During the 18th century and much of the Regency era, trains were popular on evening and court dresses, and at times on walking gowns. The length of the train shortened as the 18th century progressed, but even shorter trains swept over lawns and grounds and sidewalks. This fashion turned out to be quite expensive, for after several short walks, the fabric would be quite soiled or would need replacement. Oliver Goldsmith wrote in Citizen of the world (1760):
Nothing can be better calculated to increase the price of silk than the present manner of dressing. A lady’s train is not bought but at some expense, and after it has swept the public walks for a very few evenings, is fit to be worn no longer, more silk must be bought in order to repair the breach, and some ladies of peculiar economy are thus found to patch up their tails eight or ten times in a season.”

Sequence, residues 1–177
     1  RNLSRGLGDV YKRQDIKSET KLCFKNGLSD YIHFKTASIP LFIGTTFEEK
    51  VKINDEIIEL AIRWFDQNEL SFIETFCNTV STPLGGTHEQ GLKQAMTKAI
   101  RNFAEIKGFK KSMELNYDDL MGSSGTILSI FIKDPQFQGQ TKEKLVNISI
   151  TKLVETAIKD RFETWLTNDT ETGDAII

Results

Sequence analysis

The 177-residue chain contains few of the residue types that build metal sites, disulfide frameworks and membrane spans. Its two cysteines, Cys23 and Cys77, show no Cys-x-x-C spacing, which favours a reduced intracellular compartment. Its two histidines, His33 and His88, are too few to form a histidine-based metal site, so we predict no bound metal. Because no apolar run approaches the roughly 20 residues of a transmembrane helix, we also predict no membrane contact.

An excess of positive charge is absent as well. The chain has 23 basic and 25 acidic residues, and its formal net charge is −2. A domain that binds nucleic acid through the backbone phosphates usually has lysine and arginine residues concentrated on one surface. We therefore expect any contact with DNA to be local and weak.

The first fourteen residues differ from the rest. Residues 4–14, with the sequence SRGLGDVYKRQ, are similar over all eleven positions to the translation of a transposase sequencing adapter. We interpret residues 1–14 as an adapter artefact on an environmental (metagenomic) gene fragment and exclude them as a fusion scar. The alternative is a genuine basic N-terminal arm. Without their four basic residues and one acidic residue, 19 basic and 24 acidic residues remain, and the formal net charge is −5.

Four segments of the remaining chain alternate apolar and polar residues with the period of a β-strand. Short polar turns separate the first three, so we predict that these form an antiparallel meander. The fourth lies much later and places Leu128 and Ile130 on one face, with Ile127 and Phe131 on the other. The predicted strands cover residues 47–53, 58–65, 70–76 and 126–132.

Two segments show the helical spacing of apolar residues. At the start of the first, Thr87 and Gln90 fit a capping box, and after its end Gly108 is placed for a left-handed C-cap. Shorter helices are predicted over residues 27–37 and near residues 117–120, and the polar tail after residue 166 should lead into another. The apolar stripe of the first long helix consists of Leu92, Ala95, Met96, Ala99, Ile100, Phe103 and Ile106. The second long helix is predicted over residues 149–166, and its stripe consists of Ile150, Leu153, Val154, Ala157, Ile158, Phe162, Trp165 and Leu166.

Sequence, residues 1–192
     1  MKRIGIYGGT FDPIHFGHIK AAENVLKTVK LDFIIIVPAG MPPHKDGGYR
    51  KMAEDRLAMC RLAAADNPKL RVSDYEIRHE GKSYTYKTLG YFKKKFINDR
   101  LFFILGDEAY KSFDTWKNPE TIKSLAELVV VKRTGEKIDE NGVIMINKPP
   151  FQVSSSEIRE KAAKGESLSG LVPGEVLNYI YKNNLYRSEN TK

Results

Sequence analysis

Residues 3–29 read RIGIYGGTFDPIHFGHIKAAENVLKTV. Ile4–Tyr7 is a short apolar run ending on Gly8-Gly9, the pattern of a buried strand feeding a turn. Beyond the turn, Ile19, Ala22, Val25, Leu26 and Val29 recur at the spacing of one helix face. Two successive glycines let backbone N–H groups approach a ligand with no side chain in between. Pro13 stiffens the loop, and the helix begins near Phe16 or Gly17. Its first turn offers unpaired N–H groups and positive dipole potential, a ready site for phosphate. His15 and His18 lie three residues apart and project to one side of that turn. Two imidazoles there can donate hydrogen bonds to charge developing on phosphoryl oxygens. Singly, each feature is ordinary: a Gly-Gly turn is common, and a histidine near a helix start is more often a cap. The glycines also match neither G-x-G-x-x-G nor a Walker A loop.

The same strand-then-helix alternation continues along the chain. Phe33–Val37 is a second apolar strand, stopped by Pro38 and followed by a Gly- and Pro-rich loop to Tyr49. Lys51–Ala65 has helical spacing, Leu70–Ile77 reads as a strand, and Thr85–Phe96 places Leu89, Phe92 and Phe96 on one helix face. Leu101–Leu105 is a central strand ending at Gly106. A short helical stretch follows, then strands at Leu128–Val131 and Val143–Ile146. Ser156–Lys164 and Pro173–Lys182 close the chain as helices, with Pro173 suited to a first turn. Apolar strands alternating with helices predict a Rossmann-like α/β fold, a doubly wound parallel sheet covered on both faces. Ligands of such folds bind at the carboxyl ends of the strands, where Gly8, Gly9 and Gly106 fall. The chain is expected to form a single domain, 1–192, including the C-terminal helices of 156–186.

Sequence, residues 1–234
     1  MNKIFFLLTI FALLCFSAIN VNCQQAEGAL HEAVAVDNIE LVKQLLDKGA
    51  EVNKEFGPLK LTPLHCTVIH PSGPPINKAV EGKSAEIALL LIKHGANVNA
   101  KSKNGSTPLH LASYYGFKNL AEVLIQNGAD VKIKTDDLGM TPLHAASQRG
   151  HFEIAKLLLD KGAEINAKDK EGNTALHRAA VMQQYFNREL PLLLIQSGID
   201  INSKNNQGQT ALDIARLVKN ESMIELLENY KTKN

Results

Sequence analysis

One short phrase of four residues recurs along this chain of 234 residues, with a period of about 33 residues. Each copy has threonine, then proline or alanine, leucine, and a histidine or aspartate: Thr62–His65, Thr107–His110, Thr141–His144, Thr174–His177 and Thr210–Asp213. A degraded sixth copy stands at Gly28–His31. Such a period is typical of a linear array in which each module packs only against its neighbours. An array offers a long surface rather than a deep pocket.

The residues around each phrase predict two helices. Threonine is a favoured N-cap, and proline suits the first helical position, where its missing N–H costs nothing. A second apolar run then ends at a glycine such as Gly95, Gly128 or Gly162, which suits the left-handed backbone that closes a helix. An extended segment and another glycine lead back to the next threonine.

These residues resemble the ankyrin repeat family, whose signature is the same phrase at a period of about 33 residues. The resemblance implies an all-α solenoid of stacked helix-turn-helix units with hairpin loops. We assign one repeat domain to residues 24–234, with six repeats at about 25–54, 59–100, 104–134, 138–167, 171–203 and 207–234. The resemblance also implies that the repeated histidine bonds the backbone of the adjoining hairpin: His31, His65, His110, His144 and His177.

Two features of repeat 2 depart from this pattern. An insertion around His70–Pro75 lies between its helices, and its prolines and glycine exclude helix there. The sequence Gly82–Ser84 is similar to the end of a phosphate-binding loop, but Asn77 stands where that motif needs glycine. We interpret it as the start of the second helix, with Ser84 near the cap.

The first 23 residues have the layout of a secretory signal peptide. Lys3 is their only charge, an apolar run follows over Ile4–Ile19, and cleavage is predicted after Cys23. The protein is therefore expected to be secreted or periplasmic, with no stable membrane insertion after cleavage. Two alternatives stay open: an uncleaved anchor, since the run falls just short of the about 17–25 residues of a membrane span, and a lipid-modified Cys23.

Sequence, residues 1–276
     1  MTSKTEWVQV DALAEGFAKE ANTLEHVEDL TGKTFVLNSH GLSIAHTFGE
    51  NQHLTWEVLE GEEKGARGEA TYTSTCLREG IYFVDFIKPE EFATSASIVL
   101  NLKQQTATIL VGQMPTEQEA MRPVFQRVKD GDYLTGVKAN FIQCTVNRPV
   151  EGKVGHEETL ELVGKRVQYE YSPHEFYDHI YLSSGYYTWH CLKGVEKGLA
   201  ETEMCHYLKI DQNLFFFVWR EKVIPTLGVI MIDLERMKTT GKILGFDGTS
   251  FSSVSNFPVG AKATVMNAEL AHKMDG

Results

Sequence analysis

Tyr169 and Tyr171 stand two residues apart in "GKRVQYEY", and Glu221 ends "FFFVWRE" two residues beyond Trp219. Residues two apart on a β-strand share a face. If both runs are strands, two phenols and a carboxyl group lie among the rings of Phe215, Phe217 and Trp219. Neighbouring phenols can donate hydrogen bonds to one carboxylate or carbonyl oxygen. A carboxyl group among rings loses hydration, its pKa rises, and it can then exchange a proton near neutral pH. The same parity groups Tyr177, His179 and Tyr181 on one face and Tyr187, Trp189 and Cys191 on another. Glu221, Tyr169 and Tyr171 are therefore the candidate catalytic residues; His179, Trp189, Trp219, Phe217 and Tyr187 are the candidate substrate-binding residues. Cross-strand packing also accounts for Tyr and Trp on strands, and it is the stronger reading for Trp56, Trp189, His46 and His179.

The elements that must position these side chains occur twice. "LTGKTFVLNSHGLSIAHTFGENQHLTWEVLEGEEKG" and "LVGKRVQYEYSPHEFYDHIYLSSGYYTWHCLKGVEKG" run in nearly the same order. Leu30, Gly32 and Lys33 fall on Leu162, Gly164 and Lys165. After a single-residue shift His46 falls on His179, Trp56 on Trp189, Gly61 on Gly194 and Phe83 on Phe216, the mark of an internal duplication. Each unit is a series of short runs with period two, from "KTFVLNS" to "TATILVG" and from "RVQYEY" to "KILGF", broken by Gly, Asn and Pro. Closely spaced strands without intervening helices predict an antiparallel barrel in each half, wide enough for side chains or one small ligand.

One imagines that the delicate muslin trains of the Regency era were as easily wrecked by wear and tear, and that only the rich could afford such an extravagant consumption. There were ways to save one’s train. In 1996’s Emma, Gwynneth Paltrow is seen holding up her train during the dance.
In Northanger Abbey, Jane Austen described how Isabella Thorpe and Catherine Morland pinned up each others trains.
They called each other by their Christian name, were always arm in arm when they walked, pinned up each other’s train for the dance, and were not to be divided in the set; and if a rainy morning deprived them of other enjoyments, they were still resolute in meeting in defiance of wet and dirt, and shut themselves up, to read novels together.”
One can only conclude that trains (or tails, as Goldsmith called them) were an extravagance that the ordinary working woman did not indulge in wearing, for until mass production made cloth more affordable, the added lengths of cloth, plus the constant need for laundering and patching, would make this fashionable feature prohibitively high for most women.
Note: That Isabella and Catherine met “in defiance of wet and dirt” meant something, for shoes and fabrics were so delicate at the time, that ladies tended to stay indoors on rainy days.